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California Workers' Compensation: Labor Code Section 132a Nondiscrimination Policy

By Edited Nov 13, 2013 0 0

California Workers' Compensation Non Discrimination Policy

Worker's Compensation in California

The California Workers’ Compensation Labor Code specifically states in sub-section 132a there should not be discrimination against workers who are injured in the course and scope of their employment.

Although the statute sets forth specific instances which would constitute discrimination against industrially-injured workers, the Supreme Court, in Judson Steel, expressly held that any employee who suffers discrimination as a result of an industrial injury, even if the discriminatory conduct is not of the type specifically identified in the statute, will receive an increase in compensation up to $10,000.00, costs not to exceed $250.00, as well as reinstatement and reimbursement for lost wages and work benefits caused by the act of the employer.

As is more fully set forth in Barns and Raley's, Inc., an employee proves a violation of Labor Code §132a by showing that, as a result of the industrial injury, the employer engaged in conduct detrimental to the employee. Once the employee shows that, as the result of an industrial injury, the employer engaged in conduct detrimental to the employee, the burden shifts to the employer to show that its conduct was necessitated by the realities of doing business.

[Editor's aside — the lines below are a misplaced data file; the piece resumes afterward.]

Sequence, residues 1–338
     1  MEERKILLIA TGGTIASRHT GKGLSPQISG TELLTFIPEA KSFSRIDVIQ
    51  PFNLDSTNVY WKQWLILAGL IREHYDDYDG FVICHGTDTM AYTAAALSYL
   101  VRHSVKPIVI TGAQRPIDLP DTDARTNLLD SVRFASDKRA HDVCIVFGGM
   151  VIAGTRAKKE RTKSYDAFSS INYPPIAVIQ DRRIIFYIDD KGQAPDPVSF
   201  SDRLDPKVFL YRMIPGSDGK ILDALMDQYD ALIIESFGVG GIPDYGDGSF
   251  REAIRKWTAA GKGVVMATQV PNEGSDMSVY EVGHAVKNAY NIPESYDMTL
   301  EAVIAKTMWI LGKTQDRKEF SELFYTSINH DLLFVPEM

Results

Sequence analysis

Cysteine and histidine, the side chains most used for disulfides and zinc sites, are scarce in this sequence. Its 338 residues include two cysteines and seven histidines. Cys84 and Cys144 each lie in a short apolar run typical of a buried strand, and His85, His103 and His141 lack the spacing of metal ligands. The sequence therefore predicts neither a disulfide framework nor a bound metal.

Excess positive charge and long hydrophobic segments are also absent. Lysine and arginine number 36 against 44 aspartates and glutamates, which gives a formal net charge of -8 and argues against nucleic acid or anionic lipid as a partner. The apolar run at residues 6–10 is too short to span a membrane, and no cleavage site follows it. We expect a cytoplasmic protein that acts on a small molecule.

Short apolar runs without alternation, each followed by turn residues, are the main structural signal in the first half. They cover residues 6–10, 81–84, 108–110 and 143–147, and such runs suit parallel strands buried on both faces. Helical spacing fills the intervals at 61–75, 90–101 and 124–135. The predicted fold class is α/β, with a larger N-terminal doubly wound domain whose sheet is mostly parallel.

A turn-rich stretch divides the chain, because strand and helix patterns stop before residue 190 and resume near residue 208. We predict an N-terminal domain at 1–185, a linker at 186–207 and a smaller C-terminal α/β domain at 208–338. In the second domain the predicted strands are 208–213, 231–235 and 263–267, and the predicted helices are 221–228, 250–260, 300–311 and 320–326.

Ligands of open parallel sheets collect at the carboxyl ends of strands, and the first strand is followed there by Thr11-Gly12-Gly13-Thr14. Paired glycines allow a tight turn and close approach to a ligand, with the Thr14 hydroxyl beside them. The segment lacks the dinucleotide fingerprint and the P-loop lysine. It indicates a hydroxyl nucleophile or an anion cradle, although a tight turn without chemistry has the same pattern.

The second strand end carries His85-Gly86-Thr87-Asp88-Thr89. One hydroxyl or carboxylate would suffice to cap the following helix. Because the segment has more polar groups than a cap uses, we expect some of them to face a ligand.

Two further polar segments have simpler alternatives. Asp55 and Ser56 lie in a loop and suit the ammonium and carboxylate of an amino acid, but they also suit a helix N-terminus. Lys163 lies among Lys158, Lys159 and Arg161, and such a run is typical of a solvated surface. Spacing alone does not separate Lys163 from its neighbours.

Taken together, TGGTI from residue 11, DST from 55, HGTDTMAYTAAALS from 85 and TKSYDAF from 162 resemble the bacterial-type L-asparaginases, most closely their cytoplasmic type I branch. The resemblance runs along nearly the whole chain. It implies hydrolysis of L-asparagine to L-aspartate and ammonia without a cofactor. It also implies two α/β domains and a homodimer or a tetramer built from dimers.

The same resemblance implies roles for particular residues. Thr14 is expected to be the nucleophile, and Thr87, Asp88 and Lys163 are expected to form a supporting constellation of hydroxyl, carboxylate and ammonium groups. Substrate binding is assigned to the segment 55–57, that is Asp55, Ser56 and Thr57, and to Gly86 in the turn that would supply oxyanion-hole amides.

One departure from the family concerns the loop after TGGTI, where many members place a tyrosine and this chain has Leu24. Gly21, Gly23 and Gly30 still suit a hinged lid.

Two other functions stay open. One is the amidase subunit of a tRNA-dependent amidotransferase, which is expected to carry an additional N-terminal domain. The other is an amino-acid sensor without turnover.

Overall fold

Business realities do not necessitate the termination of an injured employee's employment unless the employer reasonably believes that the employee is permanently disabled from performing his or her job, or will be disabled for such a long time that termination is necessary in light of demonstrated business realities. In order to reasonably believe that an employee is permanently barred from resuming employment, the employer must have some evidence that the injury is sufficiently permanent and stable to permit a prognosis within reasonable medical certainty. An injured employee's acceptance of vocational rehabilitation benefits does not constitute a "business reality" necessitating termination of the employment.

On the other hand, an employer is not guilty of discrimination for discharging an employee who has sustained a compensable injury where there is no work available that the employee could perform without risk of either re-injury or further injury. It has been well recognized (particularly by the Supreme Court in Judson Steel) that Labor Code §132a does not compel the employer to ignore the realities of doing business by re-employing unqualified employees or employees for whom positions are no longer available. Replacement of an employee may be justified by business realities when the employer reasonably believes that the employee is permanently disabled from performing his or her job, or will be disabled for such a long time that termination is necessary in light of demonstrated business realities.

Finally, Labor Code §132a does not prohibit an employer from terminating an employee for violating the employer's rules when the violation is neither caused by the consequences of the employee's injury nor related to a dispute over compensation benefits.

For example, in Jordan v. WCAB (1985), 175 Cal.App.3d 162, 50 CCC 688, it was held that an employer was not guilty of discrimination in terminating an injured employee where the employee was terminated not for his absence due to the industrial injury, but for his failure to notify the employer of his absence and this failure was part of an ongoing pattern of rule violations by the employee.

Labor Code §132a Nondiscrimination policy